On the other hand, there is an all-powerful god in Christianity. The lord is there to save them from their sins and from this life to save them. This is so alien to the Igbo community because their whole life is this life and land. They don’t seem to be quite relevant to a single god, particularly when this god doesn’t seem to be as concerned about agriculture and their way of life. So, when Christian missionaries arrive, it makes sense that there is nothing the Clan wants to do with them. Okonkwo particularly has a hard time accepting them. Throughout his life he has made many sacrifices to serve the gods of Igbo and he doesn’t want to turn his back on that. So, Okonkwo has a hard time accepting it when his brother, Nwoye, converts and disowns his son.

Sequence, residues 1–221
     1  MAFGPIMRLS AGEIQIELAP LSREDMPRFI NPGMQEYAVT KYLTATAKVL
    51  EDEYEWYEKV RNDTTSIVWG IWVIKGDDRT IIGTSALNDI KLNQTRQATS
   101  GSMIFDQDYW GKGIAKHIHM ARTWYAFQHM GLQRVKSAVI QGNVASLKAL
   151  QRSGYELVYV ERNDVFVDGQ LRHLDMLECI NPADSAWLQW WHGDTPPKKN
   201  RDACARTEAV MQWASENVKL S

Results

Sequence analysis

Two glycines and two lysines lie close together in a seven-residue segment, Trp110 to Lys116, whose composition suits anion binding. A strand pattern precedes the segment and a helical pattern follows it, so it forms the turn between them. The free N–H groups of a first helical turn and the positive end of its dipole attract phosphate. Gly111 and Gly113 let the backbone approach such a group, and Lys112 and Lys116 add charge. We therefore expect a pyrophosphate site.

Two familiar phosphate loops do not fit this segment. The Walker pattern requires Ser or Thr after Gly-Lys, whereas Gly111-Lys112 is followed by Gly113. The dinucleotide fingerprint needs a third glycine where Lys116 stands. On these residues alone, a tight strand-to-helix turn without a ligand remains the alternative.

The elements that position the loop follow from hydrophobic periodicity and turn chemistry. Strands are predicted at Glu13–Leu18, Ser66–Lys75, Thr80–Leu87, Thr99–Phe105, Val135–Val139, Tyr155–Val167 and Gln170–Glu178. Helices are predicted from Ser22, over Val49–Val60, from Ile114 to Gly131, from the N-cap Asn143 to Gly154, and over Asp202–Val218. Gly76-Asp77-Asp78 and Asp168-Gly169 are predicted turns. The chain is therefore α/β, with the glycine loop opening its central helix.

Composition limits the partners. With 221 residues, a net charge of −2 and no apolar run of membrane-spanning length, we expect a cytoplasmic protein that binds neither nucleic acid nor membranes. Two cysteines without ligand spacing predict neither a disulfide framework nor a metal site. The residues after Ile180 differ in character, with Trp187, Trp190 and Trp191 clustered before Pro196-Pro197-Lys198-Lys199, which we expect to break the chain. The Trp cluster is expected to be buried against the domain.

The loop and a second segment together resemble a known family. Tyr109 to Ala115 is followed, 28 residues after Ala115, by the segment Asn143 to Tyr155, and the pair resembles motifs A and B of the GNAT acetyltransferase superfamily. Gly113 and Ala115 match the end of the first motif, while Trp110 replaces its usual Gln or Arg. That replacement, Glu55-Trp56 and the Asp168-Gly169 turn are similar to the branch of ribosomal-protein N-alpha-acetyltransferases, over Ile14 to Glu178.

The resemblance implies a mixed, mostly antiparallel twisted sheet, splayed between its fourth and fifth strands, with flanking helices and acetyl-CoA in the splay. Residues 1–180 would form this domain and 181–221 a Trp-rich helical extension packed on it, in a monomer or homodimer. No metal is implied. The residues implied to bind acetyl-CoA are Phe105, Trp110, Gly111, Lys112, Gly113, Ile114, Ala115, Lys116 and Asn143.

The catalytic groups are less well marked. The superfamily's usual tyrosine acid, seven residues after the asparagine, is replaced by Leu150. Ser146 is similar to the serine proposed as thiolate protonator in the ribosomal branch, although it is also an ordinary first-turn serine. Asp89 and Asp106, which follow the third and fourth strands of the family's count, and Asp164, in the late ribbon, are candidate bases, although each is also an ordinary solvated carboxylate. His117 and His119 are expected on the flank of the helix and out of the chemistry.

Now if we look at the history and the feuds holistically, with a perspective that delves more into the sociological imagination, we can easily see the disturbing pattern. When the Europeans came to colonize Africa, they did not just do it with pressure and brute. Colonization had been driven through the use of faith, and Christianity in particular. Many Africans now identify as Christians, and many as Muslims. Christianity seems to have done the most to influence the black person’s consciousness in Africa. Traditional African religions have been washed away, and they are seen in nature as pagan and heathen, particularly with Christianity. While everyone has the right to their religion, it is the same religion that influenced the history of Africa, especially with the advent of imperialism and colonialism on which it was founded. Across Africa, Christianity has done a major thing: to force black Africans to reject all their customs and to promote colonization. The African was taught to reject all African things and embrace a new way of living, a new way of living, a new order that separated them from who they were originally. Christianity was implicitly bound up with the Western agenda. Africans were seen as backward, barbaric, and uncivilized. Their mission was therefore to ‘civilize’ the African. They have achieved something with a great degree of success. Christianity was the Westerners ‘ religion. And it’s obvious that the missionaries were embedded in Western values. So, what happened was a situation in which Africans were taught to hate all African things and accept the European way of life. The colonizers worked hand in hand with the early Christian missionaries and missionaries. The missionaries were sent on most occasions to negotiate treaties that would subjugate the Africans. The gun was accompanied by the Bible. And thus, Christianity’s presence in the process of colonization had a devastating effect on the Africans. Some of the aims were to promote the Christian values inculcated in Africans. One of these was to pacify the Africans so that they would become passive and docile while the Europeans were doing with the land of Africans whatever they considered necessary. This is not to suggest the vilification of Christianity, not at all. Yes, it has become one of the continent’s most accepted religions, shaping the way most think. During the colonial era, the way it was entirely different from the way it is now. It’s just the fact that it was used to exploit Africans when it came. But now that all has changed, the causes have changed too. Not all missionaries, however, were determined to advance the interests of the colonial masters. Some were (at least according to them) of a genuine conviction that the Africans really needed Jesus as their Savior. While missionaries came to evangelize Africa with the good intention; the timing was bad. Together with colonial rulers and merchants, missionaries came to Africa with the plan to introduce Christianity, commerce and culture.